Reviewed by: Brian Nigro
Moviegoers last saw the Amish (an order of the Mennonite Church based primarily in Ohio and Pennsylvania, for those who don’t know), in Randy Quaid’s crude imbecle in “Kingpin” (1996). Ever eager to please Christian audiences, Universal Studios brings back cardboard Amish characterizations for an encore in “For Richer or Poorer”, a bland “family values” comedy starring Tim Allen and Kirstie Alley.
I call this a “family values” comedy because it’s clearly pro-marriage, anti-divorce. (If it weren’t for the pervasive sexual innuendo, this would actually be worthwhile for any Promise Keeper.) The movie deliberately lets the audience know that Tim Allen, playing a successful real estate magnate, and Kirstie Alley, his superficial wife, are having marital problems. In the first few minutes, she suggests divorce—but, of course, that becomes the conflict to overcome in a two-hour movie.
Marital difficulty, though, isn’t the only problem. They are in trouble with the IRS, thanks in no small part to their financial advisor (played by Wayne Knight from TV’s “Seinfeld”). So, they hide out in Amish country, in an all-too-obvious hodgepodge that recalls both “Witness” (1985) and “Sister Act” (1992). Is there any question what happens next? It’s a no-brainer.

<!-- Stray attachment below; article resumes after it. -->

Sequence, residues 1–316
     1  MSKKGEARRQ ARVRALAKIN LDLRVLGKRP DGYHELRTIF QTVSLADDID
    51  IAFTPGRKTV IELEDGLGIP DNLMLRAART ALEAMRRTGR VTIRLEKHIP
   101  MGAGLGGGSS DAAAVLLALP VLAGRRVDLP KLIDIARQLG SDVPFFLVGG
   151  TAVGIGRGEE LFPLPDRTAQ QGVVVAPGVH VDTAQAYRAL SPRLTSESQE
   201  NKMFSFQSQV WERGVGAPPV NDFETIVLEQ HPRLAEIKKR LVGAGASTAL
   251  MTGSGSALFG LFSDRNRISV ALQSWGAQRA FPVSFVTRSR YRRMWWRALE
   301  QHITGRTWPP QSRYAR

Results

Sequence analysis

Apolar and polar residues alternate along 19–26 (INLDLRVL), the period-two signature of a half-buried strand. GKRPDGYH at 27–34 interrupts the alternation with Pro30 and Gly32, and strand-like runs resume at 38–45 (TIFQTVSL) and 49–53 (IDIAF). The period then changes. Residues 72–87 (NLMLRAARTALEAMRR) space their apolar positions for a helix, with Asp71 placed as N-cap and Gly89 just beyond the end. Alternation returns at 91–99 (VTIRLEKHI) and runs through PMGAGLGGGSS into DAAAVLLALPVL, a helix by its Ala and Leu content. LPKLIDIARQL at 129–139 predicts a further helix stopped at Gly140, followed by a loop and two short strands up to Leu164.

Tim Allen’s performance isn’t worth mentioning (“Jungle 2 Jungle”, anyone?); but, audiences will get major deja vu from Kirstie Alley giving pep talks to the Amish women who, the movie suggests, live for baking and cleaning. It’s almost line-for-line dialogue from “Sister Act”, which had Whoopi Goldberg’s Sister Mary Clarence jazzing up the church.
If director Bryan Spicer is becoming Universal’s pinch-hitter for “family values,” then perhaps all his movies deserve to bomb at the box office. The only thing missing from “For Richer or Poorer” is Tom Arnold—but, I didn’t sit through the end credits, so I’m not entirely certain about that, either.
“For Richer or Poorer” is rated PG-13 for pervasive sexual innuendo, including nearly a dozen profanities and frequent, conspicuous chain-smoking. Adults will find it rather juvenille and un-funny; yet, it’s not appropriate for young children, either. (Parents, are you listening?) Not recommended.